I alluded to this story in my initial post about my Honduran experience titled Healing in Honduras. My most treasured experience from Honduras was during the visit to Catarina, a local hospital. Our team of fifteen split into three groups to visit different areas within the building. I was placed on the team heading to the maternity ward. Allow me paint the scene for you:
It’s a balmy 95 degrees and there isn’t any air conditioning. The hallways buzz with shuffling nurses, doctors, patients, and visitors. If the patients want cool air, they must bring a fan, otherwise they just sit and sweat. I’ve never been pregnant, but I imagine that heat exacerbates the discomfort of being nine months expectant. Each hospital room had four beds, but there weren’t any kind of dividers between the beds.
The plan was for the four of us teammates to take turns praying for the women as Jake translated for us. We had gotten into a rhythm of asking about the woman and her pregnancy, how her baby was doing, and what we could pray about for them. We had been through two rooms when we got to the room with the blind woman.
She was groaning in agony; she immediately caught my attention. She was not like the other women in the room. She was trembling. She was thin. She was frail. She stared at the ceiling but saw nothing. I whispered to my teammate that I thought she might be blind. I’m apologetic to admit that I wasn’t echoing the prayer of my teammate as they prayed for the first woman we visited in that room, but I was completely captivated by the blind woman. My heart and mind was churning. Something in my soul was pulling me toward her. When it was time to pray for her, it was not my turn in the rotation to pray, but our leader, Maggie, asked if I would. Thank you, God! She was a sweaty, sticky mess despite her feeling cool to the touch. She was saying a phrase over and over, and Jake translated to me that she was asking to see her baby.
“That’s odd,” I thought, “she literally cannot see her baby. She’s blind.” But I knew what she meant. It turns out that her baby had been born three weeks prior to our visit. The grandmother to the baby and mother of this sickly new mom sat at the foot of the bed. We asked her to elaborate on the situation. She informed us that her daughter delivered a healthy baby, but the process made her incredibly sick. Complications led to infections, and the doctors had no hope for her recovery. This woman was waiting for her daughter, this new mom, to die.
I found my fingers running through her matted hair; my hands ran down the length of her arms and back again. All I wanted was to take her pain away. I began to pray for her, but her wails for her baby continued. Our time with this patient ended and my team moved to the next bed, but my feet were planted in place. I was bound to her for the time being. My team was ready to move on to the next room, but Maggie recognized I needed to stay, so they moved on without me.
I got so lost in comforting this poor young woman that it felt like we were the only two people in the room. My eyes searched her body: open sores on her lips, bruises from IVs, arms and legs that had dwindled to mere flesh and bone. I could not bare her failing physical appearance any longer, so I closed my eyes and prayed. When I ran out of things to pray, I began to sing:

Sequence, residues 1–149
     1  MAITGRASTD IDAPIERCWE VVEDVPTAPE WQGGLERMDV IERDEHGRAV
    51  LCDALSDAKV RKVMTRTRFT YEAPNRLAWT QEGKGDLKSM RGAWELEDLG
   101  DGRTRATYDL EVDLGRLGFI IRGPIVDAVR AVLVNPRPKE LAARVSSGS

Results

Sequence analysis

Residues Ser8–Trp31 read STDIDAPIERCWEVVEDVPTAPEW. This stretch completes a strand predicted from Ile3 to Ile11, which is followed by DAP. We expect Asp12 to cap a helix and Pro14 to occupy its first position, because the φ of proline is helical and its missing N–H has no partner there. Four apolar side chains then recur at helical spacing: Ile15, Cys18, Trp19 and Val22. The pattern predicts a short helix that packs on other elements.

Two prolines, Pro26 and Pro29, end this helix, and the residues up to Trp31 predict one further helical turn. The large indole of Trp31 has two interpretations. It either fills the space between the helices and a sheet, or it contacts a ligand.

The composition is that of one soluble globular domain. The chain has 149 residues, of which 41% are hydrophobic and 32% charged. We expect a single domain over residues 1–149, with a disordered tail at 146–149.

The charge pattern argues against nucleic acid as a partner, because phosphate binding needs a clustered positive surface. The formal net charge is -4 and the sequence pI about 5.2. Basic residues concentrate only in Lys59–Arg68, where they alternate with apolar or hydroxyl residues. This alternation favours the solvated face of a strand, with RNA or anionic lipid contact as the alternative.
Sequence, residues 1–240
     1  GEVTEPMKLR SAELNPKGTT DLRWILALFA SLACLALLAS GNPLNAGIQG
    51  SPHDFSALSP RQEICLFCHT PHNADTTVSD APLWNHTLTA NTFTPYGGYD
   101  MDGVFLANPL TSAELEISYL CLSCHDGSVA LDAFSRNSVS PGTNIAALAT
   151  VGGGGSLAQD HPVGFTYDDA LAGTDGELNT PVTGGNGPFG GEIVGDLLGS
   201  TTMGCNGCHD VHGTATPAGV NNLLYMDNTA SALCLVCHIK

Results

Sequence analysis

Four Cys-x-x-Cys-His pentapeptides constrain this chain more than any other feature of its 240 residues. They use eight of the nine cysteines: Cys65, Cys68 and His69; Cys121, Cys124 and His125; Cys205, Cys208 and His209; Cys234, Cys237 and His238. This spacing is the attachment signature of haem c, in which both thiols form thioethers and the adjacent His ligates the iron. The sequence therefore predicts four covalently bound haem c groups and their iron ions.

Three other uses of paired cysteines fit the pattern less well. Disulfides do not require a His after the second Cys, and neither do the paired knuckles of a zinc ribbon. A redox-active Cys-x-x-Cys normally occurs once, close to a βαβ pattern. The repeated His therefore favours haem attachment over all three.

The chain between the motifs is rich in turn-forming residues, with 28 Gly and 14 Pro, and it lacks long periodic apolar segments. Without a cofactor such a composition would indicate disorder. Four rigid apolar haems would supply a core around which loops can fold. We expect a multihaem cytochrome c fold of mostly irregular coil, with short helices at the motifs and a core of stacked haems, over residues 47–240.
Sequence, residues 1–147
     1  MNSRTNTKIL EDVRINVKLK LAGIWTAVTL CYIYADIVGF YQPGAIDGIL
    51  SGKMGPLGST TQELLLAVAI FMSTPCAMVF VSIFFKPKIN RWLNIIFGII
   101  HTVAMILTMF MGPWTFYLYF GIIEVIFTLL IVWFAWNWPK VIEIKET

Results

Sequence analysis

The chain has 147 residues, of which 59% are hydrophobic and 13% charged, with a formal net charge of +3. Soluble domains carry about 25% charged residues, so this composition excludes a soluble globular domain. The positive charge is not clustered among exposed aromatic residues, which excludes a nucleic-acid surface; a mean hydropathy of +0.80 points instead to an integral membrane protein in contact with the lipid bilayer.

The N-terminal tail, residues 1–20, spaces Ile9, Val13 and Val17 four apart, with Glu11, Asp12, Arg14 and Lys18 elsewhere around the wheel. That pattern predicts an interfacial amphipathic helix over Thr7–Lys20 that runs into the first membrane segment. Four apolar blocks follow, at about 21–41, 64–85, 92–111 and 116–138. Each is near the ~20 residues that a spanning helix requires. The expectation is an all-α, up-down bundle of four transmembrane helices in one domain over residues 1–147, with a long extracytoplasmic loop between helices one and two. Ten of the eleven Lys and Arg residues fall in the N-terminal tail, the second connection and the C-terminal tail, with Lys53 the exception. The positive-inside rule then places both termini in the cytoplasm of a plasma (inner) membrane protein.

You are good / You are good / When there’s nothing good in me
You are love / You are love / On display for all to see
You are light / You are light / When the darkness closes in
You are hope / You are hope / You have covered all my sin
You are peace / You are peace / When my fear is crippling
You are true / You are true / Even in my wandering
You are joy / You are joy / You’re the reason that I sing
You are life / You are life/ In You death has lost its sting
I’m running to Your arms / I’m running to Your arms
The riches of Your love / Will always be enough
Nothing compares to Your embrace / Light of the world forever reign
I barely got through line “on display for all to see” before I choked back tears. Despite my valiant effort, I wept over this poor woman as I continued to brokenly sing this song. I sang it a few times through before I realized I had actually drenched this girl in my tears. It was freeing to be so wrapped in worship, but I did know how long I had been there, so thought it would be best to rejoin my team. I turned away from this dear young woman, but met her mother at the end of the bed. She stood up to hug me. We could not verbally communicate, but we wrapped up each other in a tender embrace. We held one another, and we both began to cry. We held onto that moment for a few minutes. I felt the release of her tension as she let out a sigh. I do not think I have ever experienced such a pure moment in all my life. It felt like she somehow endowed me with her mother’s heart. I felt her pain. I felt her heaviness of losing her daughter. I felt her receive peace. She pushed me away far enough to look into my eyes, and she told me she loved me. That was when I was healed of my blindness.
I am the woman that was healed from her blindness. I did not previously truly see how Jesus is peace when we have crippling fear. I had not seen how Jesus was the light when there is nothing but darkness shrouding a situation. I had not seen before how the sting of death could be lessened, but I saw it in that mother by her carrying Jesus’s peace deep within her soul despite her daughter’s pending death. Jesus is life. I see that clearly now.
Ingram, Jason and Reuben Morgan. (2009). Forever Reign [Recorded by Hillsong Music Publishing]. On A Beautiful Exchange. USA: Shout! Publishing.